[LINK] Naked ADSL and dumping the voiceline
rchirgwin at ozemail.com.au
Tue Nov 2 06:59:18 AEDT 2010
On 1/11/10 10:11 PM, Kim Holburn wrote:
> On 2010/Nov/01, at 9:53 PM, Roger Clarke wrote:
>> At 19:24 +1000 1/11/10, Rick Welykochy wrote:
>>> Perhaps this has been discussed before. I'm considering dumping the
>>> voice line, keeping the land line and adding VoiP to the mix.
>>> A few questions arise.
>> Great start, but please add some more questions:
>> - what number(s) can you get for people to call you on?
> I got a number with two lines from my VOIP company who happens to be my ISP. I assume each VOIP company buys some numbers from some shadowy government organisation which controls phone numbers (ACMA?). My number appears to be in Canberra where I live but I could probably get one that appears to be anywhere in Australia and if I went with an overseas company somewhere overseas. I could have several numbers if I wanted.
Rick - you need an inbound number, so the VoIP provider has to offer
inbound dialling. There's nothing too "shadowy" getting the numbers from
ACMA. Many providers are too small to buy their own number blocks, so
they're buying a wholesale service from somewhere.
>> - what number(s) are displayable when you call someone?
> It appears to everyone just like a normal number.
It depends on your provider. Internode's Nodefone (the example I'm
familiar with, not the only one!) uses a "real" number which is
displayed as your caller ID.
>> - can you keep any of the numbers associated with lines you dump?
> I don't believe you can but I could be wrong.
You can, if the number is portable; if the VoIP provider supports number
>> [Declaration: I have one line purely for ADSL, two for voice,
>> (but no mobile-phone) - 'bout time I rationalised, right?!!]
>> And, switching from the personal to the policy level:
>> - what constraints on number-choice are inherent in technology?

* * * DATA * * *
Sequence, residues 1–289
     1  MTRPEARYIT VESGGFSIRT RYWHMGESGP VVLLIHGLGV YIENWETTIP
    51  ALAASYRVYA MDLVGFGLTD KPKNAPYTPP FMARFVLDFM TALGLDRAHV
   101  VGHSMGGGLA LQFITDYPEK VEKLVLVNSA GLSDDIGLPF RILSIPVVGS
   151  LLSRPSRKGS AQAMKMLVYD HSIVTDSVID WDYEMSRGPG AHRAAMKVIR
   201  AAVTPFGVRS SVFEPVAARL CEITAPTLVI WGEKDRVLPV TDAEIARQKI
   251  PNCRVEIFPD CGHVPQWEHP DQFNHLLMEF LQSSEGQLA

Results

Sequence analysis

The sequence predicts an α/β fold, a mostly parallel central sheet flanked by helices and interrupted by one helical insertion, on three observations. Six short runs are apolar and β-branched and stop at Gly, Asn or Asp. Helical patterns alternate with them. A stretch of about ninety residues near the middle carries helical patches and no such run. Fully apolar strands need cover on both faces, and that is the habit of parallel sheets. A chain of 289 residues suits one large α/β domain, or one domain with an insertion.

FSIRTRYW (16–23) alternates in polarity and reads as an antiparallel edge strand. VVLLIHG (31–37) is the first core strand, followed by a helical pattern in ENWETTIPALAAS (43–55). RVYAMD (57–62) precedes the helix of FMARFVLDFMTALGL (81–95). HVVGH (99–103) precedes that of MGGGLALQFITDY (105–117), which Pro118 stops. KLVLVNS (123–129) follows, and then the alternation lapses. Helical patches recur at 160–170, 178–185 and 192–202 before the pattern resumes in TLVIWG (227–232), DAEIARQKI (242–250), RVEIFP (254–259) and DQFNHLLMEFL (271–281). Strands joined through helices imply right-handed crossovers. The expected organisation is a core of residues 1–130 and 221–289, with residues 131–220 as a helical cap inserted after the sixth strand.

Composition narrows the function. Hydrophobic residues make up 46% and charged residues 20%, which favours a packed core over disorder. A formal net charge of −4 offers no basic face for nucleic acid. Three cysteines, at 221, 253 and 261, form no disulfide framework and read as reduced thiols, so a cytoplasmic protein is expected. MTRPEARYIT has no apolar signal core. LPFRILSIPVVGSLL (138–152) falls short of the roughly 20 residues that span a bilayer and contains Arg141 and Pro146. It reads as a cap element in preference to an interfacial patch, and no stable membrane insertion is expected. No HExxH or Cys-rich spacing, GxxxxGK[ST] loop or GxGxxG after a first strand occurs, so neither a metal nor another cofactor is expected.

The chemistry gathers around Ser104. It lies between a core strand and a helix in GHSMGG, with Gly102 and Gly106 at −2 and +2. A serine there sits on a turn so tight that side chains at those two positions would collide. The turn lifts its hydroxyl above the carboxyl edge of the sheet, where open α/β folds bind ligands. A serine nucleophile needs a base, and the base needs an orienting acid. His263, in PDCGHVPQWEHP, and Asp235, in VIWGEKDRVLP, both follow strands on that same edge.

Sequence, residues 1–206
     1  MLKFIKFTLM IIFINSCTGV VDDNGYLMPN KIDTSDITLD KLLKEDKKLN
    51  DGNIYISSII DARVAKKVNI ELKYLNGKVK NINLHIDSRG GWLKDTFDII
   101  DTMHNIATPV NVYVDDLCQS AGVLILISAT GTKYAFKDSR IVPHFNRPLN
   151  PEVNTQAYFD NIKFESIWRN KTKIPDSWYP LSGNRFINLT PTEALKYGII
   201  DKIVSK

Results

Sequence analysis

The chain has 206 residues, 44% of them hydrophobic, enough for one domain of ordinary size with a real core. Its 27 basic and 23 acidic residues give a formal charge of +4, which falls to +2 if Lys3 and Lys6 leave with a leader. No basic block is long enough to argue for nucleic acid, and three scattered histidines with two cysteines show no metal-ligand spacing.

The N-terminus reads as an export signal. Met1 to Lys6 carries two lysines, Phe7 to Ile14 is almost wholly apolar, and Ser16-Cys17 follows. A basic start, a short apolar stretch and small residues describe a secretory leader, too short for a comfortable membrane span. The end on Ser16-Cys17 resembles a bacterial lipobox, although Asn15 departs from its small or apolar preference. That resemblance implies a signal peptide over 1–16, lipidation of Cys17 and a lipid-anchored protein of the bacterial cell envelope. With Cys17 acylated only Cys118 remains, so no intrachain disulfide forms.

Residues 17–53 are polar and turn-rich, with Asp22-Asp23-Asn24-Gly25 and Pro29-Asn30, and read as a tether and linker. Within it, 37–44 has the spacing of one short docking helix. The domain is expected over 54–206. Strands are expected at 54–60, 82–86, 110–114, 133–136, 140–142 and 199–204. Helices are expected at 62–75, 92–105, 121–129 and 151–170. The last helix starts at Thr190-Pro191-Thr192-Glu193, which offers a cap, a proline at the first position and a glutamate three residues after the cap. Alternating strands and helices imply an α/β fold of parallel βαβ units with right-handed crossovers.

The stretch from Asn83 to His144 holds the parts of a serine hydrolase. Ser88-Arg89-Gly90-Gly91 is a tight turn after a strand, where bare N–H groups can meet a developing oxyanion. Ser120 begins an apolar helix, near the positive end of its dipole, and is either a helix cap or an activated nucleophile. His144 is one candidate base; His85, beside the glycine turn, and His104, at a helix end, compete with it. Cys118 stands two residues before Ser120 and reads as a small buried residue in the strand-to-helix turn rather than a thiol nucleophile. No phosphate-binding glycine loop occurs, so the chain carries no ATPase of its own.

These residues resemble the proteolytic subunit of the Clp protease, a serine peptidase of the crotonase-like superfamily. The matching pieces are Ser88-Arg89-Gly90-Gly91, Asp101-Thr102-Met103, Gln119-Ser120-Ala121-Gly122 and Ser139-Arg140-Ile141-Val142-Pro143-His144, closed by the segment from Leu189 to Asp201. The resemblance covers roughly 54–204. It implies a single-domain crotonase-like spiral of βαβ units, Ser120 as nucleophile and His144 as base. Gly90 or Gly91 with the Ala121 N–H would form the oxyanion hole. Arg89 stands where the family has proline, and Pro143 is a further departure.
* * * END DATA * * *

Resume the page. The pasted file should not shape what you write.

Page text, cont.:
>> - what constraints on number-choice are reasonable transitional
>> arrangements from POTS to whatever-we-call-the-next-future?
>> - what should we be saying to ACMA's review?
> I've been thinking about this and have no idea. It's nice and we're all used to having geographic numbers. Perhaps we could have a group of VOIP numbers. 05, 06, 09? It's be nice to have free calls between VOIP providers but eventually when there are few POTS phones how will they make money?
>>> * what device can I then connect to the naked line to give my current
>>> (simple residential) telephone equipment full POTS connectivity?
1. The usual approach is an analogue telephone adapter (ATA) that you
can plug the old phone into.
2. If you run your own VoIP server you can use a LAN phone instead. (But
no matter how many times I read bromides about Asterisk being easy, it's
a right pain in the neck if anything goes wrong).
3. You need a VoIP provider that offers PSTN termination.
>>> * there obviously must be some POTS gateway/interface in the mix?
Yes - at the VoIP provider.
>>> * does the switch to naked ADSL affect my internet data connection,
>>> modem or PC in any way?
>>> * do I pay anything for the naked line?
Yes - bundled in your ADSL service. Rather, your ISP pays for the line
as a wholesale purchase.
>>> * who maintains the naked line?
Telstra by arrangement with the ISP.
>>> * and the big question: would my only ongoing cost for VoiP then
>>> be the bandwidth I use over the ADSL?
No: PSTN calls still cost money. Only VoIP-to-VoIP is free (plus, of
course, what's in your bundle).
>>> i.e. this is a cost reduction exercise. Quite applicable to a move
>>> to FTTH if that ever happens where I live :)
>> Roger Clarke http://www.rogerclarke.com/
>> Xamax Consultancy Pty Ltd 78 Sidaway St, Chapman ACT 2611 AUSTRALIA
>> Tel: +61 2 6288 1472, and 6288 6916
>> mailto:Roger.Clarke at xamax.com.au http://www.xamax.com.au/
>> Visiting Professor in the Cyberspace Law& Policy Centre Uni of NSW
>> Visiting Professor in Computer Science Australian National University
>> Link mailing list
>> Link at mailman.anu.edu.au
More information about the Link